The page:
A few months ago we put together a little team to enter the Jello Mold Competition at Gowanus Studio Space. The team members were me, Ranjit Bhatnagar, Astrida Valigorsky, and Mimi Hui. After a false start or two, we ended up making a working toy piano out of jello (and some electronics). You can see them in action on the videos below.
As part of our experiments we realized that jello and fruit, which contain a lot of water, are conductive. Embedded in each jello/fruit key is a sterling silver pin (food safe) connected to an Arduino microcontroller underneath the piano’s base. Below the piano’s case is another sterling silver pin. With this setup, the JelTone can either be played with a metal utensil connected to the Arduino, gloves enhanced with conductive thread, or bare hands by touching both a key and the piano’s case.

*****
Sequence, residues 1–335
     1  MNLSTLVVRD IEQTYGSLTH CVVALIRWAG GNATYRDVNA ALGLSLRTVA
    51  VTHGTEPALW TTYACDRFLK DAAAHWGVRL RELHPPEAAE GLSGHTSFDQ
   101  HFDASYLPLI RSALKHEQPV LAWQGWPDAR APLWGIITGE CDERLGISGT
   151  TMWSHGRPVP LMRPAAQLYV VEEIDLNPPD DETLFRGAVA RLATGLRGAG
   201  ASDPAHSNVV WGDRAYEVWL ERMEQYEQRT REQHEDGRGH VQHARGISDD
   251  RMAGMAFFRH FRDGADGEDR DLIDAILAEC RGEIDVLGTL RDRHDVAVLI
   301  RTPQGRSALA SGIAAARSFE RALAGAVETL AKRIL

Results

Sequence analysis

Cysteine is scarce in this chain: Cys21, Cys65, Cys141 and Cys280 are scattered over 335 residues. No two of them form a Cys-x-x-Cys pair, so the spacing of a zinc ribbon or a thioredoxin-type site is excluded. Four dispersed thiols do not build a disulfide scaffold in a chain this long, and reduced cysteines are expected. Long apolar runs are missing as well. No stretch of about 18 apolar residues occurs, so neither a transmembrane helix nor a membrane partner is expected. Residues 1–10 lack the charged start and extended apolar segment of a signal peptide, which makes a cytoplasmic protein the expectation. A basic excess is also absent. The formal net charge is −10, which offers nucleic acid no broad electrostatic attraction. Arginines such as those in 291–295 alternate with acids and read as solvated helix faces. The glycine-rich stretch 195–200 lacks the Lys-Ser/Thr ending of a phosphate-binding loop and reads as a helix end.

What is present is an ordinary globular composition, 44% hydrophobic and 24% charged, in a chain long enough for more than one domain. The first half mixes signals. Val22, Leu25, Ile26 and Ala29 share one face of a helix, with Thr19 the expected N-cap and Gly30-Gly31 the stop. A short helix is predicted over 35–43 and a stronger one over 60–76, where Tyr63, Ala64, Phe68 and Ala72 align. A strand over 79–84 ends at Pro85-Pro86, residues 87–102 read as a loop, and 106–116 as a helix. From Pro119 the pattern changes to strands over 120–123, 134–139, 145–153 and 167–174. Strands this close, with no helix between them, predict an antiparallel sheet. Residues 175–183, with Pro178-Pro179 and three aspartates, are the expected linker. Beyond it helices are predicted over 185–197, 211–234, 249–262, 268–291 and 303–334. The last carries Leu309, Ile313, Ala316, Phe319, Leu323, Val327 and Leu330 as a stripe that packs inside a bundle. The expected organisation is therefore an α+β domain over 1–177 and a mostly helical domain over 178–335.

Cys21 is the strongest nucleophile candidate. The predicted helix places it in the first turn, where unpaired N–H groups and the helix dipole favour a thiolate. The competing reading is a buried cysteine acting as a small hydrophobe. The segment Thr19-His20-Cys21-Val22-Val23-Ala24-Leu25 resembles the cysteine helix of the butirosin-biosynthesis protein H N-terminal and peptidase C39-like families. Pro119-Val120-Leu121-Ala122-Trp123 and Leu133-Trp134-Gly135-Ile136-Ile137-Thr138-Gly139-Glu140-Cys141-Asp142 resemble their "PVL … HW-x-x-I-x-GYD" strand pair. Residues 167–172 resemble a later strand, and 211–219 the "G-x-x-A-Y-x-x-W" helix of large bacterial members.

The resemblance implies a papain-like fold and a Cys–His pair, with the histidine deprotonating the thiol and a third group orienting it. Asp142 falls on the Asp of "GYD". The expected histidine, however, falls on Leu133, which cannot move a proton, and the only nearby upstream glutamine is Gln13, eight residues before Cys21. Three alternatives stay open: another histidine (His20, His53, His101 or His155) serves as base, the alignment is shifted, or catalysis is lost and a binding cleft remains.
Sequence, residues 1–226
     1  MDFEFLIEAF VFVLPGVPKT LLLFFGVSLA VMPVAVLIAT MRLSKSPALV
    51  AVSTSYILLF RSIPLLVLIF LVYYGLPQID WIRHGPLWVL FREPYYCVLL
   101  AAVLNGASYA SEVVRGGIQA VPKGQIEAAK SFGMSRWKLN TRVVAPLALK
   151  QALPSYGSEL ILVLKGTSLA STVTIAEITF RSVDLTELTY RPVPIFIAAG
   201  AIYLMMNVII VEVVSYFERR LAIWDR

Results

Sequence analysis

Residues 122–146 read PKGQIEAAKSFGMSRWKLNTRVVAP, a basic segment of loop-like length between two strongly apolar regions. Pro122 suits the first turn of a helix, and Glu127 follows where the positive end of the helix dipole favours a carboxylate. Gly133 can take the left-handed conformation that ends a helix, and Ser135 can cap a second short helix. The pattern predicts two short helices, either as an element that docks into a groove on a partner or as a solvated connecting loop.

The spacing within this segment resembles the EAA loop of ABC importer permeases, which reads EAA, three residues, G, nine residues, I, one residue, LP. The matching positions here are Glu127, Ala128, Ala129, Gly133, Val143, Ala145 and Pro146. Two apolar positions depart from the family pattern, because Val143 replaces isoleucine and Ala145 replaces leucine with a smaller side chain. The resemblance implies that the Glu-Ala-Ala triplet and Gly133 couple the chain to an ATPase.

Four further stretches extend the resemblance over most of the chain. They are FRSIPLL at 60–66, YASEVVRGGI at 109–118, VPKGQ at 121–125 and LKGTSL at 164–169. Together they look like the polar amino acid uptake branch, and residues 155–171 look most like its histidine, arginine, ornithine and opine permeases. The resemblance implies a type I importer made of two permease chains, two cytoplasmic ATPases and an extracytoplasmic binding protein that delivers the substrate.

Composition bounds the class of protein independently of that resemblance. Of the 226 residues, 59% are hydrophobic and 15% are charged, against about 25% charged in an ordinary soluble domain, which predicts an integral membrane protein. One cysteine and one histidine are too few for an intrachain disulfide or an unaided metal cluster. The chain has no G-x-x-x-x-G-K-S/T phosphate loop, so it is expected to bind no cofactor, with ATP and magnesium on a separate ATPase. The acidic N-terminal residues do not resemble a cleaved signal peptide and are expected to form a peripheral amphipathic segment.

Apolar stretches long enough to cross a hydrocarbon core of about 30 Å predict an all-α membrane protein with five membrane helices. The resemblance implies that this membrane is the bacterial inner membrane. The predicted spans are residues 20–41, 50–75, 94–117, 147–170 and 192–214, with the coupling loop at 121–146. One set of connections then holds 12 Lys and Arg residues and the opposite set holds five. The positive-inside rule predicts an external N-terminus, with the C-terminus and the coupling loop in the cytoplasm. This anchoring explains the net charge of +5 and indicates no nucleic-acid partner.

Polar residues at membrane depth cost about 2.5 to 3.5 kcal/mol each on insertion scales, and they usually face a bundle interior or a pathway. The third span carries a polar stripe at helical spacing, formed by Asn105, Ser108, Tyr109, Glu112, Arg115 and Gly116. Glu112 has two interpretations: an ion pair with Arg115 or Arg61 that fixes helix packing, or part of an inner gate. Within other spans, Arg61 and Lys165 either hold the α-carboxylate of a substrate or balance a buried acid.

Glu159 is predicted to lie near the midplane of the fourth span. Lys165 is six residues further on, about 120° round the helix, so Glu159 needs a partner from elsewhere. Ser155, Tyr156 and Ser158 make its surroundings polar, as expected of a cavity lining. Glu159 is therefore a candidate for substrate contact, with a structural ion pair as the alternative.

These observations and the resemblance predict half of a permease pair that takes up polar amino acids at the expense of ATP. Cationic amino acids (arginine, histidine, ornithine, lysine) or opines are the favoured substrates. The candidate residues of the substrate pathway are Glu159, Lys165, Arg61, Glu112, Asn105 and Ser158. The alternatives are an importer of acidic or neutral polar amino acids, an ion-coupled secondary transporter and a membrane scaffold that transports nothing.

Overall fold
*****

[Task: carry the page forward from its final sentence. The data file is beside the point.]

If you’d like to make your own, you can get the project files, code and instructions from Thingiverse.
The JelTone (in its jello and fruit versions) was exhibited and eaten at the 2011 Solid Sound Festival (Mass MoCA), the Jello Mold Competition (where it was awarded the creativity prize), the NY Hall of Science “Dead or Alive” Halloween Festivities, the Toy Piano Festival, and the Guthman Musical Instrument Competition.
A master pianist plays the Jeltone at the NY Hall of Science
The Jeltone at the 2011 Solid Sound Festival
The Jeltone at the Jello Mold Competition